Fighting labor shortage, inflation: Immigrants can get the job done on both fronts

Fighting labor shortage, inflation: Immigrants can get the job done on both fronts


Editor’s note: Steve S. Rao is a Council Member At Large for the Town of Morrisville and an Opinion Writer for WRAL Tech Wire.  He served on the Board of the New American Economy, now the American Immigration Council, and on the NC League of Municipalities Race and Equity Task Force. He is a regular contributor to WRAL TechWire.

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MORRISVILLE – From the price of milk to the cost of gasoline, inflation is a real problem for North Carolina.   According to numbers released last week, the consumer price index jumped 7% between December 2020 and 2021,the biggest leap since 1982. Over the same period, prices rose 5.5%, the highest rate since 1991. Families are struggling to make ends meet, and businesses are having challenges to turn a profit.

But the U.S. Chamber of Commerce has a solution: double the number of legal immigrants.”We need more workers. We should welcome people who want to come here, go to school and stay,” Chamber CEO Suzanne Clark told reporters last week. “If we can alleviate the worker shortage, it might be the fastest thing to do to impact inflation.”

We don’t usually think about immigration as related to inflation, but it’s worth taking a closer look at the connection.

John Chambers, left, with Steve Rao

The Chamber’s core argument is that labor shortages spur inflation — directly, by making it harder for businesses to keep their doors open, and indirectly, by exacerbating supply chain disruption. If there are no truck drivers to bring gas to filling stations or groceries to the store, for instance, the price of those products will keep on climbing. These are certainly problems we’re seeing in North Carolina. The unemployment rate in the Raleigh/Cary/Morrisvile area now stands at just 2.8%— the lowest it’s been for over two decades. That creates real problems: just last week, for instance, the state announced it didn’t have enough workers available to dig out roads following winterstorms.

Here in the Triangle, there were more than 120,000 job openings in October — but only about 84,000 people seeking jobs. Our economy is roaring, but our businesses simply do not have the people they need to meet demand.

That is where immigrants come in. Right now, according to the American Immigration Council, immigrants make up 11% of our state’s workforce. Many new arrivals gravitate to particular jobs— often those with theworst shortages. In our state,for instance, foreign-born workers account for 23% of all agricultural employees, and 21% of construction workers. In the transportation and logistics space, we have more than 46,500 foreign-born workers. Just imagine how bad inflation would be if they weren’t driving our trucks and bringing products to market.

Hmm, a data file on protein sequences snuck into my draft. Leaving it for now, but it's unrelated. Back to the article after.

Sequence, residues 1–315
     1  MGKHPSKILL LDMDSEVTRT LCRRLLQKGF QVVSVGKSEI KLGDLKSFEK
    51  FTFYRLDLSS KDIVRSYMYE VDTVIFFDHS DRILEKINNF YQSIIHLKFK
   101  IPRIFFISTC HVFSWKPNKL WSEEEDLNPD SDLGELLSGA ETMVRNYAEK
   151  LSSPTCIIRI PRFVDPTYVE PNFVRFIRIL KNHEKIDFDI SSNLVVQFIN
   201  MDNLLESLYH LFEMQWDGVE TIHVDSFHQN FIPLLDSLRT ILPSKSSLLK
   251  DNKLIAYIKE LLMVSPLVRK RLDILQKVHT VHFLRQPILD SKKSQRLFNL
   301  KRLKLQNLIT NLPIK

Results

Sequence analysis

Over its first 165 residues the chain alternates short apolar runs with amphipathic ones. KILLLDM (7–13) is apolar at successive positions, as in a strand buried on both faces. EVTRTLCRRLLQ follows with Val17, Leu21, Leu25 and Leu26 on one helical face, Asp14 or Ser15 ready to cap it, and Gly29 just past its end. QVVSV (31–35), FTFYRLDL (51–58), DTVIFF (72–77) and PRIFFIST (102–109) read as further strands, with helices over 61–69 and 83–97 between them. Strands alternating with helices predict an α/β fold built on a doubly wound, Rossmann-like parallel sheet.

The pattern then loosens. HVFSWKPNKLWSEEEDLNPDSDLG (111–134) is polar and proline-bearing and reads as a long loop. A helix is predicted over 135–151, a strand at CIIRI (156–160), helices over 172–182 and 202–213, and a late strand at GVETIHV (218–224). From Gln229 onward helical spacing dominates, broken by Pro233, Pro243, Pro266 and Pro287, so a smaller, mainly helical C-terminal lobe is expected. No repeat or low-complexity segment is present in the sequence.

Here in the Triangle, of course, immigrants also support our economy as high-skilled workers, driving innovation. More than a quarter of our region’s immigrants hold graduate degrees in areas such as coding, engineering, and the life sciences. By driving technological innovation, these skilled immigrants create jobsfor all of us: in fact, research showsthat each skilled-worker visa that gets issued leadsto the creation off our or five additional jobsfor Americansin the yearsthat follow. The problem is that as things stand, we are making it far too difficult for North Carolina’s businessesto hire the folks they need. There are any number of immigrants who’d love to come here to help harvest our crops, drive our trucks, and bring products to market, but we’re still seeing the demand for guest-worker visas drastically outstrip the supply — and the cost and complexity of gaining those visas hold back our state’s businesses.

Things are even worse when it comes to skilled immigration. The existing H1B visa system for skilled workers is literally a lottery, with businesses forced to vie for a ridiculously low number of visas each year. This year, it is forecasted that only 28% of H1B applicants will actually receive a visa, and that means we’ll wind up turning away thousands of the world’s best and brightest people — including many graduates of top-notch STEM programsright here in North Carolina. Our businesses will continue struggling to hire and their inability to grow will inevitably result in further delays and higher prices for all of us.

This month, the White House is poised to unveil new rules for skilled-worker visas and foreign-born entrepreneurs. I  hope these new policies can address the inflation problem,though whether they’ll go far enough remainsto be seen.   The supply of labor should ultimately be decided by the free market, not by federal policymakers.  Visa caps are choking the supply of labor, and creating an artificial bottleneck that holds back American businesses.

To promote growth, rein in inflation, and boost job creation for everyone,the government should get out of the way. Streamline the lawful immigration system, and let businesses hire the people they need.

More Steve Rao columns

Why Morrisville? An insider’s look at a Triangle hotspot for new businesses, jobs

A vote for H-1B visas: Congress can boost NC’s innovation economy – here’s how

We need skilled workers – America’s ‘Documented Dreamers’ deserve a chance to stay





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Kassie Hoffman
Kassie pens down all the news from the world of politics on ANH.